• Directory of Taiwan

Revelation of NT$72 million Taipei home tarnishes Han's 'common folk' image

'Common man's' castle: Spokesman justifies Han's mansion in Taipei by saying there are 'two kinds of common folk'

Han (left), home (right). (CNA, Google Maps photos)

Han (left), home (right). (CNA, Google Maps photos)

TAIPEI (Taiwan News) — Kuomintang (KMT) presidential candidate Han Kuo-yu's (韓國瑜) image as just another one of the "common folk" took a hit on Wednesday (Nov. 6), when news broke that he had previously purchased a home in Taipei for over NT$70 million.

On Wednesday, Next Magazine reported that Han had purchased a luxury home in Taipei's Nangang District for NT$72 million (US$2.3 million) in 2011. Han made the purchase of the over 90-ping home (one ping equals 3.3 square meters) while he was technically "unemployed" and before he took the position of general manager of Taipei Agricultural Products Marketing Corporation (TAPMC) in 2013.

At a news conference in Taipei that day, Democratic Progressive Party (DPP) Legislator Kuan Bi-ling (管碧玲) criticized Han as being a hypocrite pretending to be one of the "common folk" while living in luxury:

"The myth never ends. A couple with the wife making more money than the husband. They continue to use class struggle as a political rallying cry. A wealthy wife, a commoner husband. Is that possible?"

Kuan then sarcastically asked, "Was the last year of unemployment painful?" "You are aristocrats but pretend to be common folk," she declared, according to Formosa Television.

Also that day, campaign office spokeswoman Ho Ting-huan (何庭歡) tried to carry out damage control by saying that when Han says "common folk" (庶民), he means "civilians" (平民), reported Liberty Times. He went on to say that it refers to those who have no privileges and that "common folk" also have the right to buy and sell real estate, which is part of their personal financial planning.

When confronted by the media on Thursday, Han claimed that he had purchased the house one year before he became the general manager of TAPMC because he had hoped to have a house with convenient transportation near the MRT station. However, after a period of time, he had to allow it to be foreclosed because the payments on the principal were too high.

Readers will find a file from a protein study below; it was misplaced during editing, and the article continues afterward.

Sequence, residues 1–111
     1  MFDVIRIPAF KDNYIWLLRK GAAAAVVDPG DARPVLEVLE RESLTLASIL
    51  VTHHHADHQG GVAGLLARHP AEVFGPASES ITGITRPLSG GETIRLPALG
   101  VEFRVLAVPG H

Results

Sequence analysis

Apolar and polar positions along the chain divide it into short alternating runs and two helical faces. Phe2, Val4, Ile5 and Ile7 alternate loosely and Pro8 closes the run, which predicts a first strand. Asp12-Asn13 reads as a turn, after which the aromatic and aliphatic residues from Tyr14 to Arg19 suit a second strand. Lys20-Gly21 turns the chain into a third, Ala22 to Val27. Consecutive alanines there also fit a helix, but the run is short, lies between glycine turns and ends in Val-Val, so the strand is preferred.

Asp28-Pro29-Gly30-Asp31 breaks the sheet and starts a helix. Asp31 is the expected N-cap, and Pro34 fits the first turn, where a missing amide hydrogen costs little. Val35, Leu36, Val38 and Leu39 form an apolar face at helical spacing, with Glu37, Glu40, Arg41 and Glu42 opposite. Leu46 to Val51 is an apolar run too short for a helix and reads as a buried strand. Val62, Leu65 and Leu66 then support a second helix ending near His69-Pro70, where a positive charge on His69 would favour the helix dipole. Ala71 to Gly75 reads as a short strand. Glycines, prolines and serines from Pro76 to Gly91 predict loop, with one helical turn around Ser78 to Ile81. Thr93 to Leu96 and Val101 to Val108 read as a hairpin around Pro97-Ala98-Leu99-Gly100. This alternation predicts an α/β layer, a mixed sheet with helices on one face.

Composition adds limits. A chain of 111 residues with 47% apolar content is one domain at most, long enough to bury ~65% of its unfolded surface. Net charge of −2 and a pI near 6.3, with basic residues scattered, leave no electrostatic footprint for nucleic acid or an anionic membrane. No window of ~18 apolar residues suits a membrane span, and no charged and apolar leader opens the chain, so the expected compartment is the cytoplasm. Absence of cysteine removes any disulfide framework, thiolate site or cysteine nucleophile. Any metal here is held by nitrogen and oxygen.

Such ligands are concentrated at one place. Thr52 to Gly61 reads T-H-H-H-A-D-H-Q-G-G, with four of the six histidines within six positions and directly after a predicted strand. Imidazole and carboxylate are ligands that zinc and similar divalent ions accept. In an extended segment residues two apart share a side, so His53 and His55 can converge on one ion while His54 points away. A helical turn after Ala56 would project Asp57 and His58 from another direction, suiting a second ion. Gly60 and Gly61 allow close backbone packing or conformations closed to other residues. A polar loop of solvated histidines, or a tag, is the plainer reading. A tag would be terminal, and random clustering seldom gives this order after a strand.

Han said the loan taken out to purchase the home was too difficult to repay, so he decided to sell it off. "It was a very simple matter," said Han.

However, when a reporter asked whether buying luxury houses makes him a "fake common man" (假庶民), Han responded that the house was put up for sale simply because of financial pressure. Another reporter then asked how Han was able to take out a loan on an NT$72 million luxury home while he was unemployed.

After hearing this, Han angrily pointed to the reporter and said, "Did you think the question all the way through? Because it was a bank loan. Why do you ask me why I spent NT$72 million to buy a house? Because it's a loan from the bank. But your question seems to be misleading. I don't know which media outlet you are," reported SET News. Exasperated, he then exclaimed, "Oh! It's SET News again!"

In the end, Han reiterated that he had not bought the house with NT$72 million in cash but instead had borrowed the money from the bank. He added that several years later, due to financial pressure, he had to bite the bullet and sell it to another owner, complaining once more, "What is this about taking out NT$72 million to buy a house? I find your question very strange."